The Apartment Song

by Jane Blunschi

Get in the shower. Hurry up, she’ll be here in a few minutes and you want to catch her before she can knock on your door.

Say: Alexa, play Dancing in the Dark.

Wait, don’t take a shower. If she says you smell good, it will make you weak. You’re fine, you smell like yourself.

You smell like the restaurant where you work. You smell like the Sunday brunch shift you just finished. Count your cash and listen for her car to pull up. Put all the twenties together, and the tens, and the fives, and then stuff the ones in the money-for-cigarettes jar on top of the refrigerator.

Open the refrigerator door and close it. You’re not hungry. Walk in a circle in your kitchen for a minute.

You know what? Call your Alanon sponsor right quick. Call Julie.

Flinch a little when she corrects you and says No, you’re not stupid? Your choices are? Judge Julie for making everything she says sound like a question and then ask G_d to help you stop judging Julie and yourself.

Don’t think about Alanon, actually. Don’t think about the last time you saw her at the noon meeting when she started talking about having a new qualifier and how that person’s messiness was bringing up some control issues she was working to surrender. Don’t think about how you had to sit on your hands and then put your fingers in your mouth so that you didn’t shout Look, motherfucker, your new qualifier is my qualifier and if you think it’s bad now, wait until your new qualifier “borrows” one of the nice James Perse t-shirts that you saved your tips for and then spills the mango kombucha that you saved your tips for down the front and washes it in hot water without Spray ‘N Wash so it gets fucking ruined, plus there was basically no kombucha left, just the gummy dregs and her backwash. Stop thinking about that and every other upsetting, messy thing Elise did when you were together.

Answer the door. She’s here, and that’s what you get for thinking.

Let her kiss you. Let her kiss you on the lips really quickly and then on the space between your neck and collarbone a little longer, because that makes you weak. Fuck it, just let yourself be weak.

Right, now stop her before she can get her hands further into the back pockets of your jeans.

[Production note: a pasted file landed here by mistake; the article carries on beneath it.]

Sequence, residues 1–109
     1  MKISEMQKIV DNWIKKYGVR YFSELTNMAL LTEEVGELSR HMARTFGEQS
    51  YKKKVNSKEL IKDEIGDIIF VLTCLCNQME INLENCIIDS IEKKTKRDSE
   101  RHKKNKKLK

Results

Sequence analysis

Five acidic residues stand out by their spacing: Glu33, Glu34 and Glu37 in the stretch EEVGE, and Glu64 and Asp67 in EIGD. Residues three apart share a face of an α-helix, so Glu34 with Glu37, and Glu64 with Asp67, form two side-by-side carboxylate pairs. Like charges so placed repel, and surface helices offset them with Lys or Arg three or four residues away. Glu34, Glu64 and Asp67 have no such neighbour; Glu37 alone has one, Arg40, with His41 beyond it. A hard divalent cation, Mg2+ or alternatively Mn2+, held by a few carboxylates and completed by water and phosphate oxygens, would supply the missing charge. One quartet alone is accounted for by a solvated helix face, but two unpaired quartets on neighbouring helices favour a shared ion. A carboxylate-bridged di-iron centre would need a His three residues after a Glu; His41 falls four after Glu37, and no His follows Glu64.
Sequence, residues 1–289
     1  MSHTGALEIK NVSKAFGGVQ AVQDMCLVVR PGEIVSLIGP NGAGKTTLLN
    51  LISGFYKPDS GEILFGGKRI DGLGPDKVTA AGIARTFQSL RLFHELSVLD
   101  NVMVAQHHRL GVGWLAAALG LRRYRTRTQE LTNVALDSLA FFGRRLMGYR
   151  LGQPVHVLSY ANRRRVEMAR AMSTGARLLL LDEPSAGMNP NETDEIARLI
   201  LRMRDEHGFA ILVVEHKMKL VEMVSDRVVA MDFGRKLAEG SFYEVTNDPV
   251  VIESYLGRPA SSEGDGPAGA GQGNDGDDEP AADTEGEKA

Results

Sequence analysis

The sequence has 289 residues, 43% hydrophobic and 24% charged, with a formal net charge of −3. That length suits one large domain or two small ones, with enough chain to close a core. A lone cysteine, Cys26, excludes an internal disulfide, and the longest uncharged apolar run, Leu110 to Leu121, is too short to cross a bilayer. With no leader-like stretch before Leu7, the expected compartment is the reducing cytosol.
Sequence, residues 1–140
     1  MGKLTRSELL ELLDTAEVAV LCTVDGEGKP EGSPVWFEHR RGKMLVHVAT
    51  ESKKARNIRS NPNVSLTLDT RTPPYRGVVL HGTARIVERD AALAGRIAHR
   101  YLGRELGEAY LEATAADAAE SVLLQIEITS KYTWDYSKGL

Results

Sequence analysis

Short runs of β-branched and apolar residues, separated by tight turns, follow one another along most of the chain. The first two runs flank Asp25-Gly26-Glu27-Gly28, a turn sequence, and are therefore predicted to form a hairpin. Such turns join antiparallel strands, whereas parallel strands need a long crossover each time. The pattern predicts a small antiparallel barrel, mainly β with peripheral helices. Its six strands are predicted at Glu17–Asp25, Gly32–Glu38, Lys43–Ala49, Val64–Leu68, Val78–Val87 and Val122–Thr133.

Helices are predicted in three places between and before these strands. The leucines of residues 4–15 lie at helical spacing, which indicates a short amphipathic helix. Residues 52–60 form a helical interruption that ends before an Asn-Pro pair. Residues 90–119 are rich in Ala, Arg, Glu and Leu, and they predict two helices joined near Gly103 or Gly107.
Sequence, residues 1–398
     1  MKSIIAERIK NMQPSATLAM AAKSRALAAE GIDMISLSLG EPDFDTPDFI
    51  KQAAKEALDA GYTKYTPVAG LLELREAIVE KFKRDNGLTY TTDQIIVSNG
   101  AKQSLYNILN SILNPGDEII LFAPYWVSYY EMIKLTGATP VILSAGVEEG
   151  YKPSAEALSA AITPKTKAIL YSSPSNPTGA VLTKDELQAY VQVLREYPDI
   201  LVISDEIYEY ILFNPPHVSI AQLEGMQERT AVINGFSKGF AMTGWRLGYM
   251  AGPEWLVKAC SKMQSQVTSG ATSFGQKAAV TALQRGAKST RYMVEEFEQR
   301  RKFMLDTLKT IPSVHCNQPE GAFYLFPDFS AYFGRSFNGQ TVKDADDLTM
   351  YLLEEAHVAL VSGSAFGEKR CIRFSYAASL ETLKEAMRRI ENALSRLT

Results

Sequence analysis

Say: Bernadette, we talked about this.

Think about the time you hooked up after the noon meeting, a different noon meeting, and you were both wearing black jeans and she accidentally wore yours home and you wore hers for the rest of the day and finally understood what people meant when they said that sometimes cheating is exciting.

Remember, Jody: You were cheating too. You were cheating first, remember?

Okay, stop kicking yourself in the ass. You felt like shit most of the time. Remember that.

Say: Alexa, stop.

It’s time to go. Get your wallet and nudge her toward the door.

Buckle up. Reach for the radio and then put your hand back in your lap because it’s not like that anymore. Look out the window when she says Hey, that’s okay. Find something. Plug the aux cord into your phone and play No Surrender by Bruce Springsteen. Start talking about Bruce Springsteen. You both love Bruce Springsteen. See, this is easy. Everything is fine.

Look at her. She’s looking at the road. Look at the veins on the back of her hands and the place on her neck where her silver hair tapers to a perfect V. Look at her thighs. Feel like reaching over and squeezing her knee and then leaving your hand there. It’s not like that anymore. Feel that.

Throw some things into a basket at the store. You need tampons. You need dish soap. You need bread. Figure out pretty quickly that she’s buying things for Elise. Oreos and grape jelly. Tampons, razors. The nice, expensive razors. Feel that.

Start to wonder why you agreed to let her come and get you. Wonder why you’re trying so hard to fit her into your life in some way, any way. Wonder why you’re trying so hard. Wonder why you’re trying.

Pay for your groceries and put them in the back seat of her car. Take her bags and put them next to yours. Tell yourself to stop being codependent and let people put their groceries wherever they want. Ask her to take you home. You don’t want to run any more errands. Say you’re tired. Say that brunch was busy.

Play Tom Petty on the drive home. The Apartment Song. She can’t stand the sound of his voice. Let her put her hand on your thigh and leave it there, even though it’s not like that anymore. Look out the window and think about the time Elise went shopping in New Orleans with her mother for the weekend and you spent the entire time in Bernadette’s apartment. In her bed. In her bathtub. Think about the bruises her thumbs left on the insides of your thighs.

Jump out when she pulls into the space in front of your house. Duck into the backseat for your bags. Look at her. She’s looking at her phone. Reach into her bag and throw the package of expensive razors into yours. Rustle the plastic and act busy while you grab the other bag, the one with Elise’s Oreos and grape jelly. Put it on the ground and make sure you wedge it tight in front of her back tire with your foot. Now take the other bag and put it on the ground there too.

Say: Bye, Sugar. Slam the door.

Jane V. Blunschi holds an M.F.A. in fiction writing from the University of Arkansas. She was a 2014 Lambda Literary Emerging Voices fellow, and her collection of stories, Understand Me, Sugar, was published in 2017 by Yellow Flag Press. She lives in Fayetteville, Arkansas.